• Morgenstern, Oskar (1950). On the accuracy of economic observations (1966 - 2nd rev. ed.). Princeton, New Jersey: Princeton University Press.
  • von Neumann, John; Morgenstern, Oskar (1944). Theory of games and economic behaviour (1955 - 3rd ed.). Princeton, New Jersey: Princeton University Press.
  • Kemeny, John G.; Morgenstern, Oskar; Thompson, Gerald L. (1956). "A generalization of the von Neumann model of an expanding economy". Econometrica. 24 (2): 115–135. doi:10.2307/1905746. JSTOR 1905746. MR 0080573.
  • Morgenstern, Oskar (1972). "Thirteen Critical Points in Contemporary Economic Theory: An Interpretation," Journal of Economic Literature 10, no. 4 (December): 1184
– reprinted in Selected Economic /writings by Oskar Morgenstern, Andrew Schotter, ed. (New York: New York University Press, 1976), p. 288.
  • Morgenstern, Oskar (1959). While the Atomic Clock Ticks On – The Question Of National Defense.[15]
  • Morgenstern, Oskar; Granger, Clive W. J. (1970). Predictability of stock market prices. Lexington, Massachusetts: Lexington Books (D. C. Heath and Company).
  • Morgenstern, Oskar; Thompson, Gerald L. (1976). Mathematical theory of expanding and contracting economies. Lexington Books. Lexington, Massachusetts: D. C. Heath and Company. pp. xviii, 277.
  • Morgenstern, Oskar (1976). "The collaboration between Oskar Morgenstern and John von Neumann on the Theory of Games". Journal of Economic Literature 14, No. 3 (Sep., 1976), pp. 805-816
– reprinted in Theory of games and economic behaviour — Sixtieth anniversary edition. Princeton, New Jersey: Princeton University Press, p. 712. ISBN 0-691-13061-2.


  1. ^ Schotter, Andrew (1992). "Oskar Morgenstern's Contribution to the Development of the Theory of Games". In Weintraub, E. Roy (ed.). Toward a History of Game Theory. Durham: Duke University Press. pp. 95–112. ISBN 0-8223-1253-0.
  2. ^ Leonard, Robert (2010). Von Neumann, Morgenstern and the Creation of Game Theory. New York: Cambridge University Press. doi:10.1017/CBO9780511778278. ISBN 978-0-521-56266-9.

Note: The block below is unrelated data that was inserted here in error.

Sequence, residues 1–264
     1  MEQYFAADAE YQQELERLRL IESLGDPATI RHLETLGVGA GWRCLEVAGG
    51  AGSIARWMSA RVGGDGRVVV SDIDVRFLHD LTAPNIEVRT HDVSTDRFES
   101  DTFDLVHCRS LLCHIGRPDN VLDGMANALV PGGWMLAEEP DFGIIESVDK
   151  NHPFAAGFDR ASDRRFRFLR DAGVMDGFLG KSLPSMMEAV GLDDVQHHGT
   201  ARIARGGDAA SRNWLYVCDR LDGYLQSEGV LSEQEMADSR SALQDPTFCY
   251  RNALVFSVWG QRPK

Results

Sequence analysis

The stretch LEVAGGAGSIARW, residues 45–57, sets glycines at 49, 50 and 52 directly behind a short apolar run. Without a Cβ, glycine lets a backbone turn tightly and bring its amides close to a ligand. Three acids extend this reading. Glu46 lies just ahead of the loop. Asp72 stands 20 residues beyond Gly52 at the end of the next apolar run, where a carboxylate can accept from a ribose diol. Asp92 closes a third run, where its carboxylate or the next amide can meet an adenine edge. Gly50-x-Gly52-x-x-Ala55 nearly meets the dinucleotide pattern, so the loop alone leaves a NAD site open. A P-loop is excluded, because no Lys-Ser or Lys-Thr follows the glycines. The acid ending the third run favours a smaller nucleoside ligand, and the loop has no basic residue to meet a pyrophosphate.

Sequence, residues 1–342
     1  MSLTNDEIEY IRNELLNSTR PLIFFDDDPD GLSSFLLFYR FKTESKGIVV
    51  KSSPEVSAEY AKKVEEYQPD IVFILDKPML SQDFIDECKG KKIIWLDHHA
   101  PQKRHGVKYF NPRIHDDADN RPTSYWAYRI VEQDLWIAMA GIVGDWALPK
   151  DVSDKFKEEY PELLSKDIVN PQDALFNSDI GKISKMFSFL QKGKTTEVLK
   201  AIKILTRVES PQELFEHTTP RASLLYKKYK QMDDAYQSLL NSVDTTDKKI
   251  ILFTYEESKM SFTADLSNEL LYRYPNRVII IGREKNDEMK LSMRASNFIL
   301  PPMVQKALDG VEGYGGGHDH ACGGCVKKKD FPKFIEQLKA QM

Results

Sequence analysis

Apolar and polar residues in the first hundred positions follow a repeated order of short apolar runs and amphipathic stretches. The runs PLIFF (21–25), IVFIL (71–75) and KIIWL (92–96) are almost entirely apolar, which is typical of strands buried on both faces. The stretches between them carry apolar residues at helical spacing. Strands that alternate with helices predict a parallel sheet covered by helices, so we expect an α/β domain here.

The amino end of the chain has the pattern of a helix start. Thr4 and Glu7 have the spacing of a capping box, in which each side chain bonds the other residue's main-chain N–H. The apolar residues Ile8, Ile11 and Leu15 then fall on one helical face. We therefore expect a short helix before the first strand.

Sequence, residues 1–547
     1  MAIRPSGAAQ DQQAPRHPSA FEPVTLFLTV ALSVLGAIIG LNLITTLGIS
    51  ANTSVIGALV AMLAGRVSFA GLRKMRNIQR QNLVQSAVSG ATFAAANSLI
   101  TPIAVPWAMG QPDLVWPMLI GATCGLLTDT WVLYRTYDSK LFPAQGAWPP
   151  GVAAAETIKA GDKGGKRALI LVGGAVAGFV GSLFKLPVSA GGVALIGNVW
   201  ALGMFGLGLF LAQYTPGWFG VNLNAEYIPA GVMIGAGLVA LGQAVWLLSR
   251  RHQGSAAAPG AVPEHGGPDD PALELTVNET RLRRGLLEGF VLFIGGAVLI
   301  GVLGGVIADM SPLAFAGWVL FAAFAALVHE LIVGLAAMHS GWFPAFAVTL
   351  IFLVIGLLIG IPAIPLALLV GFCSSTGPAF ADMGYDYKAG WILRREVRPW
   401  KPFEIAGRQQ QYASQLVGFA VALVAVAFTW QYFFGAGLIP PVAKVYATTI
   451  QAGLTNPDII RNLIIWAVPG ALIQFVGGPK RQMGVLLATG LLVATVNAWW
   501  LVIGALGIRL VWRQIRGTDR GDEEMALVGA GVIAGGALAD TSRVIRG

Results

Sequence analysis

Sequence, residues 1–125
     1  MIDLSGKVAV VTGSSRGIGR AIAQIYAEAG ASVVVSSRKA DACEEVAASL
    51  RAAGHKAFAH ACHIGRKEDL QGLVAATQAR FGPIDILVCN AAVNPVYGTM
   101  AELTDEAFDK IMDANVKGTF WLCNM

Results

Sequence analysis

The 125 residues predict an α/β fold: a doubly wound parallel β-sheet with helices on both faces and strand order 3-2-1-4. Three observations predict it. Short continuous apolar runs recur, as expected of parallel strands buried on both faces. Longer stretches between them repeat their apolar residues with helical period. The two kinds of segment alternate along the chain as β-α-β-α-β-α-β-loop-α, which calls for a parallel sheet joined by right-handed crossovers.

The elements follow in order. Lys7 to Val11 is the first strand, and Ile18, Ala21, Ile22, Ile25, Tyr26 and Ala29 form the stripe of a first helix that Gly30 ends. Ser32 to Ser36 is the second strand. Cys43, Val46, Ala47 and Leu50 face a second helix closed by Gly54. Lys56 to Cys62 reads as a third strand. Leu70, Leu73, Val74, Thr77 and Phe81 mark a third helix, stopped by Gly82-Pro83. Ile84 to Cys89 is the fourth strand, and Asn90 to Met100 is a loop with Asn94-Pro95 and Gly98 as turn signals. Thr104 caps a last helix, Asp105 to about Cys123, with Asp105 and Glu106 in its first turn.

3. ^ Kuhn, H. W.; Tucker, A. W. (1958). "John von Neumann's work in the theory of games and mathematical economics". Bull. Amer. Math. Soc. 64 (Part 2) (3): 100–122. CiteSeerX doi:10.1090/s0002-9904-1958-10209-8. MR 0096572.
  4. ^ von Neumann, J (1928). "Zur Theorie der Gesellschaftsspiele". Mathematische Annalen (in German). 100: 295–320. doi:10.1007/bf01448847. S2CID 122961988.
  5. ^ Weintraub, E. Roy; Forget, Evelyn L. Economists' lives: biography and autobiography in the history of economics p. 234, Duke University Press Books (December 6, 2007)
  6. ^ The New York Times biographical service, vol. 8, p. 276, New York Times & Arno Press, 1977
  7. ^ Niehans, Jürg. A history of economic theory: classic contributions, 1720–1980, p. 394, Johns Hopkins University Press, 1990
  8. ^ Bewersdorff, Jörg. Luck, logic, and white lies: the mathematics of games, p. 368, A.K Peters/CRC Press (November 23, 2004)
  9. ^ Fleck, Christian (2007). Transatlantische Bereicherungen: zur Erfindung der empirischen Sozialforschung. Berlin: Suhrkamp
  10. ^ View/Search Fellows of the ASA, accessed 2016-07-23.
  11. ^ "Oskar Morgenstern Archive". Duke University Library. Retrieved 3 October 2014.
  12. ^ 1983 article, "25 years ago" would be 1958
  13. ^ Karen W. Arenson (February 22, 1983). "Mathematica's Shift Into Software Field". The New York Times.
  14. ^ "Samuel D. Barton, 68, A Marketing Specialist". The New York Times. January 29, 1982.
  15. ^ S.L.A. Marshall (November 22, 1959). "While the Atomic Clock Ticks On – The Question Of National Defense". The New York Times. 306 pp. New York: Random House. "In this book, Oskar Morgenstern, the Princeton economist, takes a look at the prospects for American survival and what we are doing to improve them. What he finds should make the angels weep."